Resources for Educators and Students

Grays Harbor County has a variety of videos, books, and lesson plans for teachers to check out and use in their classroom. Call Mark Cox as 360-964-1647 for specific information and questions.

There are some fun and educational links below.


Garbology - Garbology is an exciting and interactive website that answers the question, "Where should my waste go?"
Teacher's Resources - Environmental Protection Agency
Environmental Education – Washington Forest Protection Association
EnviroLink - Environmental Education on the Internet 
The Globe Program - Global Learning and Observations to Benefit the Environment 
Sierra Club - Environmental Education

Fun Pages For Students!

Student Page - Environmental Protection Agency
Recycle City - Environmental Protection Agency
Student Page - U.S. Fish and Wildlife Services
Student Page - Guide to Recycling Glass
Clean Up the Earth - Janitorial Cleaning Services' Guide to Recycling

Science Fair Ideas - Reduce, Reuse, Recycle

  • Measure how much junk-mail your family receives in a certain amount of time, then contact Direct marketing, Mail Preference Service and other organizations to get their family off junk mail lists and measure the reduction. How many pounds of paper are saved in one month, etc.?
  • Measure packaging and compare cost savings with buying in bulk versus lots of individually packaged items. How much garbage is generated by excess packaging, what does it cost, where does it go, what are the alternatives? 
  • Save trash, do a mini waste sort. Measure and categorize the waste and report on charts. 
  • Make a mini landfill to show its parts, the items found in it and their decomposition rates. How quickly are these landfills filling up? How could we extend the life of a landfill? What are some of the problems associated with landfills and what are some solutions?
  • Where does methane gas come from and how does it affect global warming?
  • Demonstrate the greenhouse effect by measuring the temperature within a light trap (box covered with glass or plastic).
  • Demonstrate ways to reduce and/or reuse garbage. By doing these things could you save money on your garbage service? How?
  • Make a worm compost bin and demonstrate how easy it can be to compost food waste. Include some tests or variables involving the size and type of bin, the amount and kinds of food that are being put into the bin, amount of food versus the amount of worms, etc.
  • Determine how much energy and landfill space is saved by recycling.
  • Check out local stores and see how many items are made from recyclables or can be recycled.
  • Compare the durability of printing inks made from common vegetables.
  • Demonstrate how paper can be recycled and paper made at home.
  • Compare the durability, look, texture, etc of hand made “recycled” paper made from different types of paper and plant materials.
  • What effect does acid rain have on plant life?
  • Is trash incineration a viable alternative to landfills?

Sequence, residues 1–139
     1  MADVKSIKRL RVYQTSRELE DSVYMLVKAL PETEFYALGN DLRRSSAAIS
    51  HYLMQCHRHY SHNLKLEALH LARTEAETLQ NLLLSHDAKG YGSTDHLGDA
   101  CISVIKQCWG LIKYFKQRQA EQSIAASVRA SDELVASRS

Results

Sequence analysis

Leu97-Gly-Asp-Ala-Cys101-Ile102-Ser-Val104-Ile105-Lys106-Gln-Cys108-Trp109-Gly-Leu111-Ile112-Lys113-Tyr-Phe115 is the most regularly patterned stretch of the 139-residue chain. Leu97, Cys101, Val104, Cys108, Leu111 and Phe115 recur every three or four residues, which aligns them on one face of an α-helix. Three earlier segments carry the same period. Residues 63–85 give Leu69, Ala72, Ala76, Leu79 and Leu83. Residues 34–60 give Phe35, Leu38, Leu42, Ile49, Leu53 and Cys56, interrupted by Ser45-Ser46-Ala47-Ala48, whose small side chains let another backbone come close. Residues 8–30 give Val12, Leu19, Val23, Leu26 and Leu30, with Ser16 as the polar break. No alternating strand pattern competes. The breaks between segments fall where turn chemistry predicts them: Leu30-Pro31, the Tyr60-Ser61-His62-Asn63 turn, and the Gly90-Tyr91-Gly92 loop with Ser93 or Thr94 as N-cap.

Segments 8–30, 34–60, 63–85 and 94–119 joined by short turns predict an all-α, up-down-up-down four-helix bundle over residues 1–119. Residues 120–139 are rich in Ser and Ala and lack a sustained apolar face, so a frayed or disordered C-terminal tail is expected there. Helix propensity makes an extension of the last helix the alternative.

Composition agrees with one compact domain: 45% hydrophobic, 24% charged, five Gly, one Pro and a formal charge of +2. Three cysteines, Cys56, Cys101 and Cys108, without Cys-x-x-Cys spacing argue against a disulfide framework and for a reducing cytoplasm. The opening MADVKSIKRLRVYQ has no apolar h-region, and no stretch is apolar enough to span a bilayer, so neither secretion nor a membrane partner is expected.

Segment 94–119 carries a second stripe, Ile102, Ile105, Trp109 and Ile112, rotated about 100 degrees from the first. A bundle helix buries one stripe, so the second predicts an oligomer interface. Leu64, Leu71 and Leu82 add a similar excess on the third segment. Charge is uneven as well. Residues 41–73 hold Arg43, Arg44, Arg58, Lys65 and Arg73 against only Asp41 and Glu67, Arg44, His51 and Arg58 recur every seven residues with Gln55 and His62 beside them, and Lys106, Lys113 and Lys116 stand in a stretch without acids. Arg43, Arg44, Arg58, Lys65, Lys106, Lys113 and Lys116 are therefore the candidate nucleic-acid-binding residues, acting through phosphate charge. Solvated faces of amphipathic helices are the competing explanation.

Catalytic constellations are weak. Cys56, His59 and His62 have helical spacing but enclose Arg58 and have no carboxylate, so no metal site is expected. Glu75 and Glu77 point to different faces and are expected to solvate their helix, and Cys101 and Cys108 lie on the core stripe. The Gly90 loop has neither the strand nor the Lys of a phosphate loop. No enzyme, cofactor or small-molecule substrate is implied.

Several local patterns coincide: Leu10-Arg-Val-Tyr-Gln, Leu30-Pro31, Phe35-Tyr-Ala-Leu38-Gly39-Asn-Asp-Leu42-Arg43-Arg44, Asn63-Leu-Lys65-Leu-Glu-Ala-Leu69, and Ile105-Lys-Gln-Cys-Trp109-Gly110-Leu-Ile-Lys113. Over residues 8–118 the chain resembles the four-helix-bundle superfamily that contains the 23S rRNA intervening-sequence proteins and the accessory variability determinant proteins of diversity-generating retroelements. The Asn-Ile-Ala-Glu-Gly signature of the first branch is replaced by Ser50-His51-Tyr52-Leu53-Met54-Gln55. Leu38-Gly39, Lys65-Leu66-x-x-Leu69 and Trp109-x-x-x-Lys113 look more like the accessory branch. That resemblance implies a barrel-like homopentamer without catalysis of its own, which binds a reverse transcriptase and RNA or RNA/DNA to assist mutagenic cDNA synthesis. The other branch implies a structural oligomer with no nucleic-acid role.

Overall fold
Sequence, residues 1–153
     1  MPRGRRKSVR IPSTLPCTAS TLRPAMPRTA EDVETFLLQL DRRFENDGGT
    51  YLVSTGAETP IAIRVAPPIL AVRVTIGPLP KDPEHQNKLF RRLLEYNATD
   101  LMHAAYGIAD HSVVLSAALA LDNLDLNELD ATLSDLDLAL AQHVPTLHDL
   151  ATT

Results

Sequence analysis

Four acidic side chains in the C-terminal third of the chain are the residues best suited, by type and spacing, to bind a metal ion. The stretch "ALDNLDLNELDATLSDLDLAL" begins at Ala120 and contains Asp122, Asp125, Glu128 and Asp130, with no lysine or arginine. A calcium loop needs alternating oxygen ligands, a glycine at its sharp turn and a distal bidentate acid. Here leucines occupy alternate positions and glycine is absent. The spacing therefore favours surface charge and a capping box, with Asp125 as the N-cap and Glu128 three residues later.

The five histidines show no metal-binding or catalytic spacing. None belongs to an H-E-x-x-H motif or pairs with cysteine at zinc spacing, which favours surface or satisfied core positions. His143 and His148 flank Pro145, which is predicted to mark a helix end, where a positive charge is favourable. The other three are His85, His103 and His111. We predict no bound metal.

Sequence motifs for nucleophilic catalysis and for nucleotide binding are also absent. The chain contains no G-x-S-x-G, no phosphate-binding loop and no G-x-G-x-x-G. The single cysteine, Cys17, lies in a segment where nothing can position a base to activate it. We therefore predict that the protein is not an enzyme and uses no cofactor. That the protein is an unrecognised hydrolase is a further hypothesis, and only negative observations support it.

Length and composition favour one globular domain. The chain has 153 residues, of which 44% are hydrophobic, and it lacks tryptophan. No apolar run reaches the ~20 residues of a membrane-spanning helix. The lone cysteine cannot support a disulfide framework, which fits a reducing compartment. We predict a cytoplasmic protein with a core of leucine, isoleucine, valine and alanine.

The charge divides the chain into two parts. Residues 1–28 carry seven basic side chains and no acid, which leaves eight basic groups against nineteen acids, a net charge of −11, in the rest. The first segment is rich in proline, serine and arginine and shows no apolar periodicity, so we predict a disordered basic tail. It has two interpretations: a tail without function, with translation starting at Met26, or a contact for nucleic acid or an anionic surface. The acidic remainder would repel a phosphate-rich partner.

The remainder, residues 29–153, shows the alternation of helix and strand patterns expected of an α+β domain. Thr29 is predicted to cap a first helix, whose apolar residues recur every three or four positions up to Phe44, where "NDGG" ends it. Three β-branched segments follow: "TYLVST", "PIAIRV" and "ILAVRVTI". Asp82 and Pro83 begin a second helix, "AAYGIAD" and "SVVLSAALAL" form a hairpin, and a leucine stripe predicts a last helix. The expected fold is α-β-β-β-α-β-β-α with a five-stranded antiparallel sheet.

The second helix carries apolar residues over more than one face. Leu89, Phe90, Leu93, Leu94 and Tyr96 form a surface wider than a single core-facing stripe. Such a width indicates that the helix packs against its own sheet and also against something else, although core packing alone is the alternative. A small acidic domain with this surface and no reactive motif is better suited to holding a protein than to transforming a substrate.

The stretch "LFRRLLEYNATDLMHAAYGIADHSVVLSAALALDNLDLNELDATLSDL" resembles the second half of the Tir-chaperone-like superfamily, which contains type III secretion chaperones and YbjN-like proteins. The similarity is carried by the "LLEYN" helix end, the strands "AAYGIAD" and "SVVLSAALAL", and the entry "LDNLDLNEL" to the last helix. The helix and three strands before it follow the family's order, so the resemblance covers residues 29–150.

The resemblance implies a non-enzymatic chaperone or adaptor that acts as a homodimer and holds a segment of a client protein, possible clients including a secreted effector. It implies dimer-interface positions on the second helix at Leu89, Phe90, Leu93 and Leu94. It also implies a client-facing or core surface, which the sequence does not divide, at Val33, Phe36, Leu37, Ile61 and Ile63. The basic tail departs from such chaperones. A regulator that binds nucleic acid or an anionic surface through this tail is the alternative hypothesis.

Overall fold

• What effect would an oil spill have on plant life, marine life, etc?
  • What is the role of heat and microbes in composting?
  • Examine roadside litter, determine both cause and source, and recommend methods of combating it.
  • How does the rate of rainfall affect soil erosion? Demonstrate. What role does trees and plants play in reducing soil erosion.
  • What are all of the benefits of having plants and trees lining a stream or river. What is a riparian area? Show models of with and without.
  • Create a perfect compost pile with just the right balance of materials (brown stuff (carbon), green stuff (nitrogen), air circulation, moisture). Build several different piles and vary the amounts of the types of materials in each. What effect will differences in the ingredients have on the finished compost?
  • Test the effectiveness of compost as something that adds nutrients to the soil by planting two small potted gardens/plants, adding compost to one and only using soil for the other.
  • Are safe homemade cleaners as effective as commercial cleaners? What are the cost differences? What are the dangers of certain chemical cleaners and what do the labels tell you?
  • Ideas for water conservation at home and at school. If you have a leaky faucet how much water is being wasted per day, per year?
  • Design, construct and test a mechanical method of separating solid waste from recycling.
  • Check out how much paper your school recycles and come up with ideas to recycle more paper or other materials such as aluminum cans, glass, etc.
  • Find out how many paper products your school buys are made from recycled paper. Come up with a plan to increase this amount. What does “closing the loop” mean?
  • Organic fertilizers versus chemical fertilizers.
  • How earthworms affect our soil. Put two kinds of soil (potting soil on top and clay soil on the bottom) in a glass jar. Put earthworms in it and feed them. Put in dark place and watch for a month. What happens?
  • Transfer station tour, see what’s being recycled and what’s not. Come up with ideas to improve recycling in the county.
  • Build a model of a watershed and show how people can affect it.
  • Build a model of an aquifer out of a plastic two-liter bottle to show how groundwater is affected by wells and pollution.
  • Using plastic two-liter bottles you could make a water filter, sand pendulum, lung capacity tester, collapsing container experiment (temperature/pressure), oceanographic densiometer, terrarium, and much more. (For these ideas and more read Recycling Two-Liter Containers for the Teaching of Science, by Alfred De Vito.)